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The tectonic regime along the Andes: Present-day and Mesozoic regimes

Ramos, V.A.
Tipo de documento: 
Absolute motion - Back-arc basin - Compression - Extension - Foreland basin - Magmatic arc - backarc basin - deformation - extensional tectonics - foreland basin - Mesozoic - plate convergence - plate motion - plate tectonics - subduction zone - tectonic setting - Andes
The analyses of the main parameters controlling the present Chile-type and Marianas-type tectonic settings developed along the eastern Pacific region show four different tectonic regimes: (1) a nearly neutral regime in the Oregon subduction zone; (2) major extensional regimes as the Nicaragua subduction zone developed in continental crust; (3) a Marianas setting in the Sandwich subduction zone with ocean floored back-arc basin with a unique west-dipping subduction zone and (4) the classic and dominant Chile-type under compression. The magmatic, structural and sedimentary behaviours of these four settings are discussed to understand the past tectonic regimes in the Mesozoic Andes based on their present geological and tectonic characteristics. The evaluation of the different parameters that governed the past and present tectonic regimes indicates that absolute motion of the upper plate relative to the hotspot frame and the consequent trench roll-back velocity are the first order parameters that control the deformation. Locally, the influences of the trench fill, linked to the dominant climate in the forearc, and the age of the subducted oceanic crust, have secondary roles. Ridge collisions of seismic and seismic oceanic ridges as well as fracture zone collisions have also a local outcome, and may produce an increase in coupling that reinforces compressional deformation. Local strain variations in the past and present Andes are not related with changes in the relative convergence rate, which is less important than the absolute motion relative to the Pacific hotspot frame, or changes in the thermal state of the upper plate. Changes in the slab dip, mainly those linked to steepening subduction zones, produce significant variations in the thermal state, that are important to generate extreme deformation in the foreland. © 2009 John Wiley & Sons, Ltd.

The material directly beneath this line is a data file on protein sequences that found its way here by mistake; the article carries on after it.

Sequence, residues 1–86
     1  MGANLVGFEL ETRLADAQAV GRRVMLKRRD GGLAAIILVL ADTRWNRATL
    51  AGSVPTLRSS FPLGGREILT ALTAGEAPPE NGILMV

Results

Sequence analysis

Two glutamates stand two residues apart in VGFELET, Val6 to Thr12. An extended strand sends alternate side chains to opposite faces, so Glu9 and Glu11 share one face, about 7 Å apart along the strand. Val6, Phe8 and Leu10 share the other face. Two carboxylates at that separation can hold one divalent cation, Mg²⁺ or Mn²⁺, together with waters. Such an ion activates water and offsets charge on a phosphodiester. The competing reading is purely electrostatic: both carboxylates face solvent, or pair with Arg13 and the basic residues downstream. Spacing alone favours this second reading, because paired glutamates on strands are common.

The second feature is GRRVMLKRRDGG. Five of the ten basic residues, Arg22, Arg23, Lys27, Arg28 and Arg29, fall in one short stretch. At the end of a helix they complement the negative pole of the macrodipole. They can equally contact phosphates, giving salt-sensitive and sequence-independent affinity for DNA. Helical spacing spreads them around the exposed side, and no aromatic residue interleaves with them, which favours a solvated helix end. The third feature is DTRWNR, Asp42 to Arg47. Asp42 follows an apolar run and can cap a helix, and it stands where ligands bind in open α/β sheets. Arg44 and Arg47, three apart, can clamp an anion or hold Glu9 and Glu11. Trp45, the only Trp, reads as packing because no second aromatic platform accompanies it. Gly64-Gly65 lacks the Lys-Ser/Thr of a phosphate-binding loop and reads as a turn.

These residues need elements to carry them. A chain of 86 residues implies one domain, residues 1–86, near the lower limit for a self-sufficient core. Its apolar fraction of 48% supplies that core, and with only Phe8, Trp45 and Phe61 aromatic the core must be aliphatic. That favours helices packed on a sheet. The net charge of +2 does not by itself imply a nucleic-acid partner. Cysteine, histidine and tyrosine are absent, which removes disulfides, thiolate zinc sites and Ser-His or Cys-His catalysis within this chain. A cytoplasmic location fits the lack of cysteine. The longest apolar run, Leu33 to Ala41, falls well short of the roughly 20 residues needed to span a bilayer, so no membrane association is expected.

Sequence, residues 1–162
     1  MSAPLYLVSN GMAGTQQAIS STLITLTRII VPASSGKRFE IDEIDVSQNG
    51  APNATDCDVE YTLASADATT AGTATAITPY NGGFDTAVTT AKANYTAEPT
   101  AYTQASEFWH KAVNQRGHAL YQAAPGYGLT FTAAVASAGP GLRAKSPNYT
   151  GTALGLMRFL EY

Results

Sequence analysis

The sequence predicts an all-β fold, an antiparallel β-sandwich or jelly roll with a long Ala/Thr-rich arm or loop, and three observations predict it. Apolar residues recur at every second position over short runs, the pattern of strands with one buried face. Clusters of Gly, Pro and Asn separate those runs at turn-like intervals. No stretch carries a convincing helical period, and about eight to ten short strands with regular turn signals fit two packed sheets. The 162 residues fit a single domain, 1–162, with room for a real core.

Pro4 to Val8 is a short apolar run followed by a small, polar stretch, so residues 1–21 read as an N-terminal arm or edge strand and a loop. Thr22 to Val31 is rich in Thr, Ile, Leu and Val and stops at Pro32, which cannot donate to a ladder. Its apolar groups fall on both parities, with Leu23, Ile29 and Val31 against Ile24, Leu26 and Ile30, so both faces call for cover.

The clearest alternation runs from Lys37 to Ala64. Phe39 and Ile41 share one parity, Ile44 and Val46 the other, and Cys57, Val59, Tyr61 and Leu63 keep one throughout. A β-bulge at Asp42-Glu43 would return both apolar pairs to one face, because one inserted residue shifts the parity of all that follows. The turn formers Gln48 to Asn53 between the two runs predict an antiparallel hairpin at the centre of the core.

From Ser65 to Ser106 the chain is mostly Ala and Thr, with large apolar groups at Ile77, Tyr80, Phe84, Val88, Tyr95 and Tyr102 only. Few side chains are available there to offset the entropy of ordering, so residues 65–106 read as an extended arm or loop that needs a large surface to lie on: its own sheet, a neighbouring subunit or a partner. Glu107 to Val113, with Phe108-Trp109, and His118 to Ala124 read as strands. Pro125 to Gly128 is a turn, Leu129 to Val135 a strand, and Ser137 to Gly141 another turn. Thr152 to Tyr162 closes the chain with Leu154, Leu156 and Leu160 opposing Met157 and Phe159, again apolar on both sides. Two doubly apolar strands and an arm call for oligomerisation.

Fil:Ramos, V.A. Universidad de Buenos Aires. Facultad de Ciencias Exactas y Naturales; Argentina.
Geol. J. 2010;45(1):2-25

Cita bibliográfica:

Ramos, V.A.  (2010).  The tectonic regime along the Andes: Present-day and Mesozoic regimes.  (info:eu-repo/semantics/article).  [consultado:  ] Disponible en el Repositorio Digital Institucional de la Universidad de Buenos Aires:  <http://hdl.handle.net/20.500.12110/paper_00721050_v45_n1_p2_Ramos>